Peer Mountain reminds me a lot of Gimmer in its business model and presentation. It was a gorgeous website with all of the information you need to know right in your face, including the white paper with their easy-to-read road map. Their main focus as an ICO seems to be keeping your identity and your assets safe, with a complex series of locks and keys that only the user has control over.
- Token: PMT
- Price: 1,500 PMT = 1 ETH
- Bonus: Not available
- Platform: Ethereum
- Accepting: ETH
- Country: British Virgin Islands
The website has no way to access your information, let alone share it, as everything is encrypted and stored away safely Despite this, it’s still comparable with Ethereum and several other integration options. They utilize a P2P(Peer to Peer) system to allow users to buy and trade amongst themselves easily and safely with that earlier mentioned series of locks and keys. With patent-pending technology, the site can also store your personal information for safe keeping effortlessly. They protect you online, on your mobile device, and anywhere else that you buy and trade.
My problem with this seems to be that it’s all they talk about.
A whole read through their white paper shows that they do have a currency, the PMT (Peer Mountain Token), used as a utility token to “measure the value of trustworthiness within the Peer Mountain ecosystem.” (Cited here – https://www.peermountain.com/peermountain-whitepaper.pdf. Despite that, the white paper nor the website go into much more detail than the fact that their currency exists. I know nothing about it, I know nothing of its value or what it’s for, and I’ve been over both pages multiple times. I feel like I haven’t learned a thing,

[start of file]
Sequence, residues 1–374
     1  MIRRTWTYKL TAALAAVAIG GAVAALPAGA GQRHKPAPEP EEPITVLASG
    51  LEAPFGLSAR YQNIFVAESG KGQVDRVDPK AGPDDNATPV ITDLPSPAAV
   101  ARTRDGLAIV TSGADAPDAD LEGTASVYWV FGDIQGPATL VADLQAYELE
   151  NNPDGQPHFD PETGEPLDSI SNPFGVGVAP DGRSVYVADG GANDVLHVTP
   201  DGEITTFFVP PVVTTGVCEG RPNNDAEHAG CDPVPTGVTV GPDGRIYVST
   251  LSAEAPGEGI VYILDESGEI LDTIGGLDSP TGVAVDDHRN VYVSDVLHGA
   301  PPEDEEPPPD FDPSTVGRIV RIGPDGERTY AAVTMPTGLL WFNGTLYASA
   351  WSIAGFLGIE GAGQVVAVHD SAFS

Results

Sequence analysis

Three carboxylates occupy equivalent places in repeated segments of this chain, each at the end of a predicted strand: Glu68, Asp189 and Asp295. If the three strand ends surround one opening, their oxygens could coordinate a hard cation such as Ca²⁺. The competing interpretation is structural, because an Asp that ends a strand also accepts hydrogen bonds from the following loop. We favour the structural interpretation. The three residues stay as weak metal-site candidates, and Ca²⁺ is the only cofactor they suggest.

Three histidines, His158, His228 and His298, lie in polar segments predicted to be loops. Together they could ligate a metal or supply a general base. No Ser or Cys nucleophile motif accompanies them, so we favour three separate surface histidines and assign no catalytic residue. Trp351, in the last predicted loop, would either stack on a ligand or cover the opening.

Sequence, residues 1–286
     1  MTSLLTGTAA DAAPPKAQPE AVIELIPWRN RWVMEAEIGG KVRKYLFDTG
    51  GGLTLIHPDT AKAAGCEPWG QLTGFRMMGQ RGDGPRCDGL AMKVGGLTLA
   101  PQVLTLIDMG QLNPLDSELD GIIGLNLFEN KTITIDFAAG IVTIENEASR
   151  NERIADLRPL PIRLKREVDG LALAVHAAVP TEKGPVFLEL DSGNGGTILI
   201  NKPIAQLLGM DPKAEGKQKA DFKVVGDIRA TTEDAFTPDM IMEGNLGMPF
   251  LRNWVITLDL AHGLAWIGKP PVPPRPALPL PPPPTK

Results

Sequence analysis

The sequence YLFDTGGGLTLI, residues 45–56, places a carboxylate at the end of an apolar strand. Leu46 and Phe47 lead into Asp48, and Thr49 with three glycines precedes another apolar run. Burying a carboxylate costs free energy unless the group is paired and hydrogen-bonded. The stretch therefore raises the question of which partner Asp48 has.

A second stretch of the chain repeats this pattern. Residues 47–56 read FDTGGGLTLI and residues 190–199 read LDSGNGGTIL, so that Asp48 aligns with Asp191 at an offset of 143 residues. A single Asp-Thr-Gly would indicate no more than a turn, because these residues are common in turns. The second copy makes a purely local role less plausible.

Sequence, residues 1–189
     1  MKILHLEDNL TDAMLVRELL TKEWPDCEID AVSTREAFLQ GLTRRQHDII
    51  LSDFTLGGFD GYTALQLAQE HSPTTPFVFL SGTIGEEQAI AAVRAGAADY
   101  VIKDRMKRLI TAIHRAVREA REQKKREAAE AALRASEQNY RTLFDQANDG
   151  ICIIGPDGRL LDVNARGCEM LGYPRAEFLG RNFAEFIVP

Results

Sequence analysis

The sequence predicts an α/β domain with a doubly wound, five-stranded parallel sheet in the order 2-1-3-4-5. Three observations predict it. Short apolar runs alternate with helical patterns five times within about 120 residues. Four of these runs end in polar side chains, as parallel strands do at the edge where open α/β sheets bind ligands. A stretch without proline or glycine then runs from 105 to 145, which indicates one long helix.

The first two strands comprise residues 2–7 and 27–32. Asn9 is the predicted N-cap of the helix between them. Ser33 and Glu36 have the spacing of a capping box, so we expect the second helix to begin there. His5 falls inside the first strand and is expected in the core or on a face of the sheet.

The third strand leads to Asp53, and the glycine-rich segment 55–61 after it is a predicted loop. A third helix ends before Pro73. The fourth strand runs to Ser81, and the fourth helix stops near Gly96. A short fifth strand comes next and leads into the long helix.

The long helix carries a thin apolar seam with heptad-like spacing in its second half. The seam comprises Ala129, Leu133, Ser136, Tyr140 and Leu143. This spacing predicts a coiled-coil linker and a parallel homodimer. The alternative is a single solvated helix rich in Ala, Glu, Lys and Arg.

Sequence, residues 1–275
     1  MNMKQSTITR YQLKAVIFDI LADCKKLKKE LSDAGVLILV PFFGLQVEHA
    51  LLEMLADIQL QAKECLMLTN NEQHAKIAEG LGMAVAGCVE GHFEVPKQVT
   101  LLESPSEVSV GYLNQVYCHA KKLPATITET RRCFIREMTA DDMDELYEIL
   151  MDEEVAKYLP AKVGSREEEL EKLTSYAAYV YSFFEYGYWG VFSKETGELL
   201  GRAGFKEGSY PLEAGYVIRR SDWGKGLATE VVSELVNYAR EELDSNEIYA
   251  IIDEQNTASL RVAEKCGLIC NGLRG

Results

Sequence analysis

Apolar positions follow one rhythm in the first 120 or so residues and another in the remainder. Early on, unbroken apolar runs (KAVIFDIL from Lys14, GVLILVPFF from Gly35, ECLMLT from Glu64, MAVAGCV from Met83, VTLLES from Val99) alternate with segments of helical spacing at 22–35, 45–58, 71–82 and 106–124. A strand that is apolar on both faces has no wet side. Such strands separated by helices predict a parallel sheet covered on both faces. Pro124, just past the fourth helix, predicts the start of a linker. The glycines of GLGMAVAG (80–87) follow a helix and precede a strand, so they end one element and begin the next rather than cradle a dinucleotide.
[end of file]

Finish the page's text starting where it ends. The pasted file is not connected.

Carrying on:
PEER MOUNTAIN TEAM
I’ve just had the same facts thrown at my face over and over. We are secure. We are the most secure. You are safe. Your information is safe. After a certain point, the consumer gets it, and wants to hear about what else you have. Infinite free samples of cheese get tiring when you went to the store for milk. They do have a pre-order bonus, similar to Gimmer’s model, but I know so little about their currency that it’s hard to recommend it.
With a few tweaks here and there to the verbiage and the white page, Peer Mountain could’ve been a contender for my favorite ICO. The website is beautifully design and knows what the consumer wants, it just doesn’t give it all to them and leaves them with more questions than answers. It pains me to say 2/5 for this one, because I can see the potential it could’ve had if things were a little more clear and out in the open. It comes from a team of multiple IT and financial backgrounds, so I would imagine the page would overflow with numbers and statistics, but it just doesn’t. It doesn’t deliver everywhere it needs to and that leads to its score. Fix these issues, and I could see the site easily climbing to a 4/5, but we’ll just see. Peer Mountain Whitepaper